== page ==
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Name: Vigilant Insurance Company v. Chiu
Case #: B209550
Court: CA Court of Appeal
District 2 DCA
Division: 3
Opinion Date: 06/29/2009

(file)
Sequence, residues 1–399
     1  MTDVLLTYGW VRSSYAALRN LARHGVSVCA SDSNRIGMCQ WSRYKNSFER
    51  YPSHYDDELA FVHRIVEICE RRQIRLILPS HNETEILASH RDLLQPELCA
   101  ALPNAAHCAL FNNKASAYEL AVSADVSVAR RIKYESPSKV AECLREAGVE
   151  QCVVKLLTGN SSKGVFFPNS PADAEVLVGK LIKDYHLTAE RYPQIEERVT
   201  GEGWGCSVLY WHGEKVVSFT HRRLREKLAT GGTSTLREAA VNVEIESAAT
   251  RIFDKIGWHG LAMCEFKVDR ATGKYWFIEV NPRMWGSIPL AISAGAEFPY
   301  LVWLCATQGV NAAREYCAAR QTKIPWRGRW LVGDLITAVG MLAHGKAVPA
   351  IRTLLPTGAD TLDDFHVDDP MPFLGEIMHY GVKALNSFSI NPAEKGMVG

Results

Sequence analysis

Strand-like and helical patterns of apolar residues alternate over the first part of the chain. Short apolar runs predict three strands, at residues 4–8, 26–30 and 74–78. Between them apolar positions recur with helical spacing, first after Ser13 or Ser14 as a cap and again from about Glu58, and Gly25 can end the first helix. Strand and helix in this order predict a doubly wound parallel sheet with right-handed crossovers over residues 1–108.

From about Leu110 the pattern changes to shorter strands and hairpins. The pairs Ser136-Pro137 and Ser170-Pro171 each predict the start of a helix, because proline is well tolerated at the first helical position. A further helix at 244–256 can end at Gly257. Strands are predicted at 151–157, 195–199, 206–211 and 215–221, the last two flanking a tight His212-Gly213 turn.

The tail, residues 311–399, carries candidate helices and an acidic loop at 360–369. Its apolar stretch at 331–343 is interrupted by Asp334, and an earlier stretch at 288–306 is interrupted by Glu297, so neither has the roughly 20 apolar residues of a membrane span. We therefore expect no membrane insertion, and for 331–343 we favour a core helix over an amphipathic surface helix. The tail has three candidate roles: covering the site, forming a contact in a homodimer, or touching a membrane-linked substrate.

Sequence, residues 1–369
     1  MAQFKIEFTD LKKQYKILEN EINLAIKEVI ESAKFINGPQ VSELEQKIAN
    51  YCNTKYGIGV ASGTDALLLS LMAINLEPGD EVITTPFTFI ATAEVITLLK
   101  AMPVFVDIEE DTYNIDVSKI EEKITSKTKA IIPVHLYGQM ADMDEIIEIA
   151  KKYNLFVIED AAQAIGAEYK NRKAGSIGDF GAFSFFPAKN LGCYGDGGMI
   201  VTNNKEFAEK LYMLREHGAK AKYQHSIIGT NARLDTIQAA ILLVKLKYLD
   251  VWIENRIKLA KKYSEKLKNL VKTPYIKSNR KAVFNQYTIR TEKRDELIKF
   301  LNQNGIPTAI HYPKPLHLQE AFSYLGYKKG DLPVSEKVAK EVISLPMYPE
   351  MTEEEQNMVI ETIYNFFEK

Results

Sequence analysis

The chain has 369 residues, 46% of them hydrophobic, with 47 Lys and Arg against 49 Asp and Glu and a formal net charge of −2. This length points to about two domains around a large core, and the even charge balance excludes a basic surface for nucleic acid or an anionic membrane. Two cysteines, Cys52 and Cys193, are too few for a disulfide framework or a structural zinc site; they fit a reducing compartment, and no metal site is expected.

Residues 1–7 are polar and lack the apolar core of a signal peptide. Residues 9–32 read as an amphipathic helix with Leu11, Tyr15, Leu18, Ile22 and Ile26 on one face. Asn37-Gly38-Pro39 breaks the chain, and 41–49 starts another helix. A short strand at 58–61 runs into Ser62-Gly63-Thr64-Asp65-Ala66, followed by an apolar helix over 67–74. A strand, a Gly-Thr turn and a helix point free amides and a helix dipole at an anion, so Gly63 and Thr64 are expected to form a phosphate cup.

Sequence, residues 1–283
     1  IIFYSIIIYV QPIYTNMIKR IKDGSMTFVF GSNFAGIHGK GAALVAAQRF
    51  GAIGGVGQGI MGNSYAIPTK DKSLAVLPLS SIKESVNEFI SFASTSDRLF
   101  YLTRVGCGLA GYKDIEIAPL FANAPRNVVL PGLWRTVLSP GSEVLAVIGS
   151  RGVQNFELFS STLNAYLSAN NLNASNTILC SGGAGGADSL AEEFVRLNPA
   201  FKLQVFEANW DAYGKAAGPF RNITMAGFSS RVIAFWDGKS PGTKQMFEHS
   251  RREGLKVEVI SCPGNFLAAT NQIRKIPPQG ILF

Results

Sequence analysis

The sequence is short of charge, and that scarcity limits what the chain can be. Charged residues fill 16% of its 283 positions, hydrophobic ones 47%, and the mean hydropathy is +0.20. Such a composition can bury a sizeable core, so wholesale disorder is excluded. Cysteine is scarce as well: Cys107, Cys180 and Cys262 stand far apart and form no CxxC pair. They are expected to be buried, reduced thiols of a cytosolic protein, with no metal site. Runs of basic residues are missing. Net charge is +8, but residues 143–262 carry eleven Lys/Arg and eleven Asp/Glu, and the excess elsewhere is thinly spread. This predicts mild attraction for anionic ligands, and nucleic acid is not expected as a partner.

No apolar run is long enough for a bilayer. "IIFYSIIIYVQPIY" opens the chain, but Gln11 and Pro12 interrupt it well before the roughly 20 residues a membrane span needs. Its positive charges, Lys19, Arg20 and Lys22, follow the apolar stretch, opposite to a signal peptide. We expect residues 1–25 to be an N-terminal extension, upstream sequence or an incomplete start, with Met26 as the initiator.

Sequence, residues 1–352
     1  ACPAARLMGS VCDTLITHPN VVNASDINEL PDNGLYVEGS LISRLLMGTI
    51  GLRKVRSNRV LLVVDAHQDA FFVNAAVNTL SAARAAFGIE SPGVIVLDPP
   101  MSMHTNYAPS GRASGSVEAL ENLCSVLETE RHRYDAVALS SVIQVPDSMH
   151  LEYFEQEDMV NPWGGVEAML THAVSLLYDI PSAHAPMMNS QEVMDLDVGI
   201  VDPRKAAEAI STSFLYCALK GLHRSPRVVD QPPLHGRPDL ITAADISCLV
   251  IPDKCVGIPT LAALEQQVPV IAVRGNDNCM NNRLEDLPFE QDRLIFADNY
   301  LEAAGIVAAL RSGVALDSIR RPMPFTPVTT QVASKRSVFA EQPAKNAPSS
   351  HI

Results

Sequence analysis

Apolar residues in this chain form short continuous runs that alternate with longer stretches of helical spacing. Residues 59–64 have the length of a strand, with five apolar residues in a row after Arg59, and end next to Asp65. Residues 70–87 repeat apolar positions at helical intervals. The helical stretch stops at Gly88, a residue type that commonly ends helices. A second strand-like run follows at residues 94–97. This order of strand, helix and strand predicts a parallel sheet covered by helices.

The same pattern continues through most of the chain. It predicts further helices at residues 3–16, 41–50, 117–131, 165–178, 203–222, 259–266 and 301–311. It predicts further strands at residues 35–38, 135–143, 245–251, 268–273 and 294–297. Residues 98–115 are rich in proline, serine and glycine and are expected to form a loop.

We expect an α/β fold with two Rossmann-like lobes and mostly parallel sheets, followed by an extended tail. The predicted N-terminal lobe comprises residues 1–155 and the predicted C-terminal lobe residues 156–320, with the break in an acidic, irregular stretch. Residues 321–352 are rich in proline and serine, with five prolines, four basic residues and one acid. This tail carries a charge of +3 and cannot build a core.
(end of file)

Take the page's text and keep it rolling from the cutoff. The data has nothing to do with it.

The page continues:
An order for restitution pursuant to Penal Code section 1202.4 does not prohibit the victim or victim’s assignee from seeking civil recovery based on the same facts from which the criminal conviction arose. Appellant was convicted of theft from his employer, ViewSonic, and ordered to pay restitution for the value of the property, lost profits and opportunity costs, and pre-order interest. ViewSonic’s insurance company, Vigilant, paid ViewSonic for the loss of property, minus deductible, and ViewSonic executed a release and assignment of rights against appellant. Vigilant sued appellant and was awarded a sum covering actual loss, damages, interests, and costs. The appellate court ruled that the civil action did not result in an unlawful duplicate judgment for the following reasons. Subdivision (j) of section 1202.4, holds that any restitution paid shall be credited to any other judgments for the same losses obtained against defendant. Although the restitution statute permits enforcement as if the order were a civil judgment, it does not resolve civil liability, and a civil judgment does not serve the state’s interests in rehabilitation and deterrence.